How AI turned a Ukrainian YouTuber into a Russian

“I don’t want anyone to think I’ve ever said these horrible things in my life. Using a Ukrainian girl as a face to promote Russia. It’s crazy.”

Olga Loiek saw her face on several Chinese social networks. This is thanks to the easy-to-use creative AI tools available online.

“I saw my face and I heard my voice. But it was all very scary because I saw myself saying things I never said,” said the 21-year-old, who studies at the University of Pennsylvania. the BBC.

Accounts impersonating her had dozens of different names, including Sofia, Natasha, April and Stacy. These “girls” spoke Mandarin, a language Olga never learned. Apparently they were from Russia and talked about the friendship between China and Russia or promoted Russian products.

“I saw that 90% of the videos were about China and Russia, the friendship between China and Russia, that we must be strong allies, and food advertisements.”

One of the largest accounts was “Nataša brought food”, which had more than 300,000 users. “Natasha” would say things like “Russia is the best country”. It’s unfortunate that other countries are turning away from Russia and Russian women want to come to China,” before promoting products like Russian candy.

This personally angered Olga, whose family is still in Ukraine.

But more broadly, his case highlighted the dangers of a technology that is developing so rapidly that regulating it and protecting people has become a real challenge.

From YouTube to Xiaohongshun
Olga’s Mandarin-speaking AI companions started appearing in 2023, shortly after she launched a YouTube channel that is not updated very regularly.

About a month later, he started receiving messages from people who claimed to have seen him speaking Mandarin on Chinese social media.

Intrigued, he started looking for himself and found AI on Xiaohongshu, a platform similar to Instagram, and Bilibil, a video site similar to YouTube.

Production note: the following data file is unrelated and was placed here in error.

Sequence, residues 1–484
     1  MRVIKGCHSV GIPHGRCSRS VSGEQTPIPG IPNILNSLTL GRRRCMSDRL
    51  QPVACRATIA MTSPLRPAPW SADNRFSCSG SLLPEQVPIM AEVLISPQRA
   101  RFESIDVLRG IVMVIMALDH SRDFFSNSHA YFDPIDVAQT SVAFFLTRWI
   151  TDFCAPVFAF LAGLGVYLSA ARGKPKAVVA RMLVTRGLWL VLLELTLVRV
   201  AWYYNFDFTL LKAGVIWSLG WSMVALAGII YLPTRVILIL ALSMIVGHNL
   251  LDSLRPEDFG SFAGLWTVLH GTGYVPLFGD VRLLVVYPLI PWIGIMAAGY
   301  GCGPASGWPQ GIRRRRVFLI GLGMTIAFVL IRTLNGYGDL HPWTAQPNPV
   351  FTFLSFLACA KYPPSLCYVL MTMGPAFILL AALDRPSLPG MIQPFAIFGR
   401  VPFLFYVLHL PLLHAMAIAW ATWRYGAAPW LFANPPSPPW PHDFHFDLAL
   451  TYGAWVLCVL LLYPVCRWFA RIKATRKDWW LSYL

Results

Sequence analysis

“There were a lot of these [accounts]. Some had Russian flags in their bios,” said Olga, who has so far found about 35 accounts similar to hers

When her fiance tweeted to the accounts, HeyGen, a company she claims has developed AI-like tools

They revealed that more than 4,900 videos were created from his face. They said they blocked further use of his image.

A spokesperson for the company told the BBC that their system had been hacked to create “unauthorized content”, adding that they had immediately updated their security and control protocols to prevent misuse of their platform.

But Angela Zhang of the University of Hong Kong says what happened to Olga is very common in China.

The country is “home to a huge shadow economy that specializes in counterfeiting, misuse of personal data and the production of deep fakes,” he said.

This is because China is one of the first countries to try to regulate AI and what it can be used for. It even changed its civil law to protect similar rights against digital fabrication.

Statistics released by the Ministry of Public Security in 2023 show that authorities arrested 515 people for AI face swapping. Chinese courts have also dealt with cases in that area.

But how did so many videos of Olga get online?

One reason may be that they promoted the idea of ​​friendship between China and Russia.

Beijing and Moscow have become much closer in recent years. Chinese leader Xi Jinping and Russian President Putin said that the friendship between the two countries knows no boundaries. They are scheduled to meet in China this week.